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Hargreaves to propose parody and private copy right

By | Published on Tuesday 17 May 2011

Ian Hargreaves

The Hargreaves Review of intellectual property law is expected to report tomorrow, and word has it the final text will be more friendly towards the traditional content industries than some in those sectors originally feared, though there will be a number of proposals to expand the rights of non-commercial users, and to make things easier for those wanting to use copyright material for commercial purposes.

According to The Guardian, among the proposals regarding fair dealing – ie that part of copyright law that enables some users to circumvent conventional copyright rules in some circumstances – will be the introduction of a right to parody copyright material without the rights-owner’s permission, and the introduction of a private copy right, something which already exists in most other territories.

The parody right is something Google, which had a role in instigating this review, is known to want expanded in all copyright jurisdictions, so that when punters post piss-take videos of films or pop-promos, the owners of the originals can’t order the video-sharing site to take them down.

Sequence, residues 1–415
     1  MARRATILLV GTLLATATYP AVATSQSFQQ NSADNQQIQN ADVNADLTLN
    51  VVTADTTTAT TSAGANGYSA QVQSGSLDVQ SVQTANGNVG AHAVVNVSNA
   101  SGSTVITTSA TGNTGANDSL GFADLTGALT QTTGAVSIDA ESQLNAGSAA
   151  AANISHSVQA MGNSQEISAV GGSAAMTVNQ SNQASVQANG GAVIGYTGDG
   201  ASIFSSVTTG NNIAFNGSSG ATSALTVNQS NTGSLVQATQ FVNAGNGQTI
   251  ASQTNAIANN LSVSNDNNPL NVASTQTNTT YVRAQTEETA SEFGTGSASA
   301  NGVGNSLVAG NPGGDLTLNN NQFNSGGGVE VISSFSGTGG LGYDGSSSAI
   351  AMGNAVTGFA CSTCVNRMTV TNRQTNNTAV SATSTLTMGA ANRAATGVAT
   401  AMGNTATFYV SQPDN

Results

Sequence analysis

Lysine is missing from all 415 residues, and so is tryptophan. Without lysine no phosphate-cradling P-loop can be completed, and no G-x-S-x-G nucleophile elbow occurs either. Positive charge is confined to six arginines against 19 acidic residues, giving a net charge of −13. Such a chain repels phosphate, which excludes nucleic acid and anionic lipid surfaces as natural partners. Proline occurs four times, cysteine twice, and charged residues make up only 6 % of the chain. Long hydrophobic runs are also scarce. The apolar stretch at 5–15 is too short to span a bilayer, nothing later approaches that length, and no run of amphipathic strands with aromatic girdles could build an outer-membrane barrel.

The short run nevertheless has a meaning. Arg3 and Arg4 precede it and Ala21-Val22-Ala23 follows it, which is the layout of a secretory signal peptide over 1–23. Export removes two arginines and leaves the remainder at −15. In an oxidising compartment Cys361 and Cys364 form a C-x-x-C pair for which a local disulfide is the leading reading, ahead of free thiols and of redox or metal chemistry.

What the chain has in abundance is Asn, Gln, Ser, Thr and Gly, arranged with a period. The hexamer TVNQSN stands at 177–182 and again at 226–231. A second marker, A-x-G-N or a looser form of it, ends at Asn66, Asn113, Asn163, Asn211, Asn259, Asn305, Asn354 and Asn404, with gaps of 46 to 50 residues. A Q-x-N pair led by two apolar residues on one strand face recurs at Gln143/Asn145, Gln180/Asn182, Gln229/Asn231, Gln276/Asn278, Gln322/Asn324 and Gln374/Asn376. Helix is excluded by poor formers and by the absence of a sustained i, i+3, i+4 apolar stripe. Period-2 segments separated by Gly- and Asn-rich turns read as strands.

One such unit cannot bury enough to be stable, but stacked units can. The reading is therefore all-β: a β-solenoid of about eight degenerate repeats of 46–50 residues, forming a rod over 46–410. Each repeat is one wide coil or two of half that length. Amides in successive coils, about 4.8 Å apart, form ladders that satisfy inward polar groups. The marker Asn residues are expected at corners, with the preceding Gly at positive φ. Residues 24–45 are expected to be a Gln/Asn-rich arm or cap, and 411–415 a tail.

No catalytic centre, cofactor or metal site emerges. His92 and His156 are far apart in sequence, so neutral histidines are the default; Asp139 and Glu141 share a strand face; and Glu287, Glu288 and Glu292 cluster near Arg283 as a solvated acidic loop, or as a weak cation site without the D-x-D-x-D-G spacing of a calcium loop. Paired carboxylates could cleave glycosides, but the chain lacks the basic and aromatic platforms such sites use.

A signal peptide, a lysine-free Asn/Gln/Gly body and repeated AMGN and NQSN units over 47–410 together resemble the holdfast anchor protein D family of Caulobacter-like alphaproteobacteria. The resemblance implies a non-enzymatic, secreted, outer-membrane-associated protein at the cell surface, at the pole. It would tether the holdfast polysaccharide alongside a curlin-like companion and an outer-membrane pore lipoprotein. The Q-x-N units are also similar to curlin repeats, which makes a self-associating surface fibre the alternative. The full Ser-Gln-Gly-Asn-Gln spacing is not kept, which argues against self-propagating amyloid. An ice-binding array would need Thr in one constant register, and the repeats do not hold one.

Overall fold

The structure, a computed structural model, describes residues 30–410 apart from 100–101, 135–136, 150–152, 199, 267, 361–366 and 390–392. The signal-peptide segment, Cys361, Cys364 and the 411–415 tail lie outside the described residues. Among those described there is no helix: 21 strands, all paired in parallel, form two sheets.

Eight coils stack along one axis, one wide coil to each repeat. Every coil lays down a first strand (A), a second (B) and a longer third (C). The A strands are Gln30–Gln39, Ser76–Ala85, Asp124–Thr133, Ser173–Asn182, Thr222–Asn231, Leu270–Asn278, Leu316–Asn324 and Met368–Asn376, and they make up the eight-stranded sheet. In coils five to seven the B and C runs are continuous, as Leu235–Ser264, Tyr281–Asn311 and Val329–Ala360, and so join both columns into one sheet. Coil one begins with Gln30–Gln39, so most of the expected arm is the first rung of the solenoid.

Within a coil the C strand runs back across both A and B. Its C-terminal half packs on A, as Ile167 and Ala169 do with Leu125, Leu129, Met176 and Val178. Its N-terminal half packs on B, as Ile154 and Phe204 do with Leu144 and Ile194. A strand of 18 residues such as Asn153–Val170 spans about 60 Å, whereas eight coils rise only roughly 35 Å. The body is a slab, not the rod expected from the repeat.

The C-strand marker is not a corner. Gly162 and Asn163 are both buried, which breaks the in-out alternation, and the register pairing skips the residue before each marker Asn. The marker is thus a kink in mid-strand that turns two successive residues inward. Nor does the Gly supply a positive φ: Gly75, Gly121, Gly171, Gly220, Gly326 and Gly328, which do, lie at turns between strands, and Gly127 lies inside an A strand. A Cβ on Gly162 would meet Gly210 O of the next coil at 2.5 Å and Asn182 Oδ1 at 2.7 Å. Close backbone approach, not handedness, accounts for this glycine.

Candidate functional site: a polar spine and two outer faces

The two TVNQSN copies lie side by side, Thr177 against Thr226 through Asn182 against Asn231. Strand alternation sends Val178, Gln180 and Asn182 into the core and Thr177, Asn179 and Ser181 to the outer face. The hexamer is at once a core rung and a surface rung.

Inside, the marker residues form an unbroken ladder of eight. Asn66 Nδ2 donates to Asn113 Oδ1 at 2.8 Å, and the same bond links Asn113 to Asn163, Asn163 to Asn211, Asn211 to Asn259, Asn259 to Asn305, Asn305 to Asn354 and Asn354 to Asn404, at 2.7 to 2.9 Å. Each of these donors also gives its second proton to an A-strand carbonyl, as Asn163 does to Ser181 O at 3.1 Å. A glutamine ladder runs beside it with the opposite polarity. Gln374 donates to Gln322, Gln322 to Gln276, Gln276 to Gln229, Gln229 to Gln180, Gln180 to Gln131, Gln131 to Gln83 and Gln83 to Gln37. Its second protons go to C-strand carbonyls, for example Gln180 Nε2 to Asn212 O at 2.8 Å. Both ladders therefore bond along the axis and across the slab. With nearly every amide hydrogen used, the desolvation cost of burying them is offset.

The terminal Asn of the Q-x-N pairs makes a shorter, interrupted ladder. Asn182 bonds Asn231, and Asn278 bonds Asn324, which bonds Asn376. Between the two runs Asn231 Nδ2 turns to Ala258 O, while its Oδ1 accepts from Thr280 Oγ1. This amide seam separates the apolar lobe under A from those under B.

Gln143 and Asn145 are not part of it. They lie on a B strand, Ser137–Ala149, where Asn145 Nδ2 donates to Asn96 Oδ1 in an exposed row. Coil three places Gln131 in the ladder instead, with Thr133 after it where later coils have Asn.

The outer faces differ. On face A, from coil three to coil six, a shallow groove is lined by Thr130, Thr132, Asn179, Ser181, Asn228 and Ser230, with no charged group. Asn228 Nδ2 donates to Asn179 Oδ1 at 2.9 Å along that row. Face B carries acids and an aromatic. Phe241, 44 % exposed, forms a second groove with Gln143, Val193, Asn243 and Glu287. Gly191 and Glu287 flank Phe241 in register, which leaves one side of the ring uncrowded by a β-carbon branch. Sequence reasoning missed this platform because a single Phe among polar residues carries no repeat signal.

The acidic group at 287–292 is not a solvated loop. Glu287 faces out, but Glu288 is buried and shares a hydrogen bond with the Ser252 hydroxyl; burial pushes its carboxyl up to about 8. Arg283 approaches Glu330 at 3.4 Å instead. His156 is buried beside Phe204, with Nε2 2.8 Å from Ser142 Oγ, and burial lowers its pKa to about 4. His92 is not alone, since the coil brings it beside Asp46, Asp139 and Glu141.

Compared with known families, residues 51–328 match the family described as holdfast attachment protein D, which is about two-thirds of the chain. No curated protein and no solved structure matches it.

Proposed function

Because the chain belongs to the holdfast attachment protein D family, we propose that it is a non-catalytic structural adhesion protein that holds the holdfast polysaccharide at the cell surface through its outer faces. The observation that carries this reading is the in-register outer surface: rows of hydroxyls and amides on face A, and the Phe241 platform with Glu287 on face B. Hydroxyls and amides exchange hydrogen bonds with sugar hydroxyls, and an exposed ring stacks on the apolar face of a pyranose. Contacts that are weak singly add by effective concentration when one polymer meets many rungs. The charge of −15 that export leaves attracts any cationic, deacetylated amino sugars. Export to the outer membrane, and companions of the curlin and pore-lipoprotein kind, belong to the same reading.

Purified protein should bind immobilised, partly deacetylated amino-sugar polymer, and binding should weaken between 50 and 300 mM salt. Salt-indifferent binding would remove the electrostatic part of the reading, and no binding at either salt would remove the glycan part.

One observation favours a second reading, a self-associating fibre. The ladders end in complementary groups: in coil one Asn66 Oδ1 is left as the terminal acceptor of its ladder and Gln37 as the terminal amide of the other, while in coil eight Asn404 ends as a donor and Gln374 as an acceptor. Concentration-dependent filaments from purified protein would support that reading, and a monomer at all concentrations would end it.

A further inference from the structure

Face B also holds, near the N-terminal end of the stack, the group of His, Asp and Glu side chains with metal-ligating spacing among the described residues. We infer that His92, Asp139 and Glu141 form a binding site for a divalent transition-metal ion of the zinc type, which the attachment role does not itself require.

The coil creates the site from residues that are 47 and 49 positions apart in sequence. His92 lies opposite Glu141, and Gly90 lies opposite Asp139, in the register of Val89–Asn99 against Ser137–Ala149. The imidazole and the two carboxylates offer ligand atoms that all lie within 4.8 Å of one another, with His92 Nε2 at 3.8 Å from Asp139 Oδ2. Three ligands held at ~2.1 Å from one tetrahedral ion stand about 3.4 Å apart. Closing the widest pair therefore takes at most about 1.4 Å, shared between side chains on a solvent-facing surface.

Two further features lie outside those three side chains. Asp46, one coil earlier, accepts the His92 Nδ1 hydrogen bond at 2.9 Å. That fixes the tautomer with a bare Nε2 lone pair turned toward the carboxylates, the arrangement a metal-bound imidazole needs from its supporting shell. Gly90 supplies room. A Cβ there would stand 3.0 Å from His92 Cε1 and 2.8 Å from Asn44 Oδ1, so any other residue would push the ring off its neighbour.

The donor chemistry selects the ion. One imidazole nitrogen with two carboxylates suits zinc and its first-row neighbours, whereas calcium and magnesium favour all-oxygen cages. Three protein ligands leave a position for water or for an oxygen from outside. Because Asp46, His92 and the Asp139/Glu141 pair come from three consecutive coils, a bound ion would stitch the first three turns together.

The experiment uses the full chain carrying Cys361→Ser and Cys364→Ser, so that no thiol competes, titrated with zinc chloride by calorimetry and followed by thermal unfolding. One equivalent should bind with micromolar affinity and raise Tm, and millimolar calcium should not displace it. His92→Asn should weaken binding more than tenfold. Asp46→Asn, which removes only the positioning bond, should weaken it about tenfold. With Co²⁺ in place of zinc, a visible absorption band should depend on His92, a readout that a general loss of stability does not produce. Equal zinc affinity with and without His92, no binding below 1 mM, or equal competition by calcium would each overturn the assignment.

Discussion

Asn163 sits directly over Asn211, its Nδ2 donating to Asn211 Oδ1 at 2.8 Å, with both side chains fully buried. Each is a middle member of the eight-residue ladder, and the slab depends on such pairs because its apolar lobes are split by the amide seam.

The parody right would have prevented the songwriters of ‘New York State Of Mind’ from having the ‘Newport State Of Mind’ spoof removed from YouTube, and would mean the makers of the ‘Downfall’ film couldn’t stop parodies of its famous bunker scene being posted to the video site.

Hargreaves is expected to also say that the new fair-dealing right would allow writers and comedians operating on more traditional media platforms to be more creative in creating parodies without the fear of being accused of copyright infringement.

The need for a private copy right in the UK was included in the Gowers Review of IP law back in 2006, but has never made it to the statute book. This would allow consumers to make back-up copies of tracks they have legitimately bought on CD to their PC, MP3 player or another CDR, something everyone does but which, in the UK, technically infringes copyright.

In some territories the music business has traditionally received a levy in return for the private copy right – added to devices on which private copies can be made – though Hargreaves is expected to propose the new right be introduced without charging any such levy.

The lack of a private copy right in the UK is interesting in the context of digital lockers, because it means that even the most basic online storage services – which even the US record industry would have to accept can operate without a copyright licence – would technically infringe copyright in this country. Introducing the private copy right would therefore open the doors for at least some basic digital locker services in the UK.

Hargreaves’ other grand plan is likely to be the launch of a uber-rights agency run by the content industries that can help those wanting to licence music, film or other multi-media content to find and deal with rights owners. The review is likely to say the creation of such an agency would make the UK “the best place in the world to do business in digital content”. It is a great idea, though could be a logistical nightmare to get up and running.

More on Hargreaves later this week, I’m sure.